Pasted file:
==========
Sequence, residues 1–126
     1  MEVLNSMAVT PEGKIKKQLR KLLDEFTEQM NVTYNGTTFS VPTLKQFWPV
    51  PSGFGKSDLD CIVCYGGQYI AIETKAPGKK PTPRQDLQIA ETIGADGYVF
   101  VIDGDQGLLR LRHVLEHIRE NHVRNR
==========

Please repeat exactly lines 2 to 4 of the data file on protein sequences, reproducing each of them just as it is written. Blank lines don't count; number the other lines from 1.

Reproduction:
     1  MEVLNSMAVT PEGKIKKQLR KLLDEFTEQM NVTYNGTTFS VPTLKQFWPV
    51  PSGFGKSDLD CIVCYGGQYI AIETKAPGKK PTPRQDLQIA ETIGADGYVF
   101  VIDGDQGLLR LRHVLEHIRE NHVRNR